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venous circulation, play a considerable part in the phenomenon of erection ; nevertheless, they do not play the principal part, and should not be considered any otherwise than as auxillaries to the act. The first phenomenon observed—that by which erection commences, and without which it could not manifest itselfis the dilatation of the little arteries and veins under the influence of the vaso-motor nerves. These are the erector nerves (nervi origentes); they arise from the sciatic plexus, and are distributed with the vessels on the side of the bladder and prostate, as far as the membranous and bulbous portion of the urethra, where we cease to follow them.

At this point of their course we observe a certain number of ganglionic cells on the continuité of the nervous filaments.

The course of erection, I may add, is from the base of the organ towards the glans, and the progressive return to the normal condition seems to be in the opposite direction. After seminal emission the erection soon diminishes, and the return of the organ to its normal bulk occupies less time than its previous erection. The sluices of the venous blood are now suddenly opened. The elastic reaction of the immoderately distended partitions and membranes presses upon the blood in contact with them. The non-striated muscular fibres probably add to this propulsive force. The excess of blood is, therefore, returned with increased velocity from the spongy texture towards the pelvic cavity.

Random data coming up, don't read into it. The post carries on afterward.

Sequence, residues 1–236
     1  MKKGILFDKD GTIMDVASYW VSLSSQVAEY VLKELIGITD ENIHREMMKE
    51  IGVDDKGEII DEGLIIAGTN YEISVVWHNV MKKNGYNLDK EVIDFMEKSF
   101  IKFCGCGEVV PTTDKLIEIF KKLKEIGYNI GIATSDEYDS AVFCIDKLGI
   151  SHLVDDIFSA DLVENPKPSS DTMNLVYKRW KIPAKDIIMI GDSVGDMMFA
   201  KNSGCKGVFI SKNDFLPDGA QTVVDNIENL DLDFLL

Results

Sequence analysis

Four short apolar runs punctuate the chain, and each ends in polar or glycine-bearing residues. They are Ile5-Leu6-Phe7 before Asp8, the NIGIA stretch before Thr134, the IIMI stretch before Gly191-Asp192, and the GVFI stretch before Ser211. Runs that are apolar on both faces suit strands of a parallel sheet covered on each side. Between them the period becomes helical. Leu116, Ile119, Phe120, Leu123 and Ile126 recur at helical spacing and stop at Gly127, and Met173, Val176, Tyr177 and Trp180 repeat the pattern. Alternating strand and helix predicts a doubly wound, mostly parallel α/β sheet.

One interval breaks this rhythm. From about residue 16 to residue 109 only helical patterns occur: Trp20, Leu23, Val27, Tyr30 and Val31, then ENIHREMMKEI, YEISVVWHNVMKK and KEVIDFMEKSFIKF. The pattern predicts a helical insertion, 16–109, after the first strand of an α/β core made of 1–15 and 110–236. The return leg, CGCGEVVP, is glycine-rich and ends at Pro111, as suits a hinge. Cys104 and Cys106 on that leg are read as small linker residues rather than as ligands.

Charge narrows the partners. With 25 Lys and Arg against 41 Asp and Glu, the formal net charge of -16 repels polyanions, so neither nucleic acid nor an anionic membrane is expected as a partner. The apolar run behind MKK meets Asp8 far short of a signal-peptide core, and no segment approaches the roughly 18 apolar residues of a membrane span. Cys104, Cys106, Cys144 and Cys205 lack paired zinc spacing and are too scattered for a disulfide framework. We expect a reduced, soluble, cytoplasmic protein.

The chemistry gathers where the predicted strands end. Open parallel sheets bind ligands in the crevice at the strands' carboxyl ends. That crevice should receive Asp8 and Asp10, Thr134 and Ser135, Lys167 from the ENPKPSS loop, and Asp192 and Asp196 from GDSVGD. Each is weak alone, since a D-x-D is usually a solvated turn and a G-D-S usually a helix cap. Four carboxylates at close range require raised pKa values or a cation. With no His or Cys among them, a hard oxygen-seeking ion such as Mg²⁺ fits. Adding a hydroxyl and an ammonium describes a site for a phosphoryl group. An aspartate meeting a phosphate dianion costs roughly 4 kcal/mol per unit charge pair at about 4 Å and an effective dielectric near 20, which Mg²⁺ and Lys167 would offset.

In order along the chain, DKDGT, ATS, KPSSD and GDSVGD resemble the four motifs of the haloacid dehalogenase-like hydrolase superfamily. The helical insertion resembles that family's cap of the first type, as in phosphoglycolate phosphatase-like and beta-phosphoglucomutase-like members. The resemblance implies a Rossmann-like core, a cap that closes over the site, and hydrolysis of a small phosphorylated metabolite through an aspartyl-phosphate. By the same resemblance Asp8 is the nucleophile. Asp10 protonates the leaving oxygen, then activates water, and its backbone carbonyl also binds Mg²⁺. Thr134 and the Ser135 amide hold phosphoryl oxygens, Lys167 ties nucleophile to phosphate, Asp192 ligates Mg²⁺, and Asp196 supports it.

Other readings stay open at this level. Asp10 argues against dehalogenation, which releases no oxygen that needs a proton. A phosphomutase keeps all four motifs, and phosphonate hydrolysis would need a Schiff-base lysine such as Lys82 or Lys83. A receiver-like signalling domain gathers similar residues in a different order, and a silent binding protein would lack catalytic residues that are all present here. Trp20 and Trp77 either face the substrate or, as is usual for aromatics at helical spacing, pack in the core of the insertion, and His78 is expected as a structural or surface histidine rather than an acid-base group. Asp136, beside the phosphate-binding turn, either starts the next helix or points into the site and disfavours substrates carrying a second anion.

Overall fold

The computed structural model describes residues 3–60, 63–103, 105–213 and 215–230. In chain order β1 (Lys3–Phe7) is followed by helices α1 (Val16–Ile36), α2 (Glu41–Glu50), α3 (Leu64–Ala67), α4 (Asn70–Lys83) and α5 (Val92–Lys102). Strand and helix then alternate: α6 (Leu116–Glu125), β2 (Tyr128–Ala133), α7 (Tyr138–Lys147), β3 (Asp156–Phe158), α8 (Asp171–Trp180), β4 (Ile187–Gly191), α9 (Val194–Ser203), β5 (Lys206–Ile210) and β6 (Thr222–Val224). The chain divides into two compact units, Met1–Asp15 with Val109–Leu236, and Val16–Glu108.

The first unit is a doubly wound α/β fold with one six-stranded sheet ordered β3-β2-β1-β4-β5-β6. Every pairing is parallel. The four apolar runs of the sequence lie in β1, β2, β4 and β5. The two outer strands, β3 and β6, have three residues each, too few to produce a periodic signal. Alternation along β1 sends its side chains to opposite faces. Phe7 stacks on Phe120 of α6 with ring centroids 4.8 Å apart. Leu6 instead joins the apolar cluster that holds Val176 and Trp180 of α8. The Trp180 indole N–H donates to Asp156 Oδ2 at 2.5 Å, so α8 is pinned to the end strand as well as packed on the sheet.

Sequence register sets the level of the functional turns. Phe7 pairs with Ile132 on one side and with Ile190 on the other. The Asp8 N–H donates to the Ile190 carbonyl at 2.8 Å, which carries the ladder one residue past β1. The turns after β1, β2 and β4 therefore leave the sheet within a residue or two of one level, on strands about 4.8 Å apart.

“When the nervous discharge which generally accompanies seminal emission does not occur, the erection disappears much more slowly, and nervous influences can subsequently produce a second erection with greater ease and rapidity.”—Valentin, translated by Brinton, p. 630.

Hunter says—“When the erection is not strong, it shall go off without the emission, but I doubt much if erection will take place without the power of emitting semen, unless under unnatural excitement, or except in cases of lesion of the spinal cord.”

In man the act of erection lasts only a short time, but the case is different with many animals. For instance, in the dog, when the penis is introduced into the vagina of the bitch, its body becomes suddenly enlarged, and the animal is thus unable to withdraw from connection for a long time. This, according to Richerand, depends upon the absence of vesiculæ seminales in the dog; and as the semen passes only drop by drop, impregnation would not occur had not nature ordained such prolonged copulation. This appears very probable.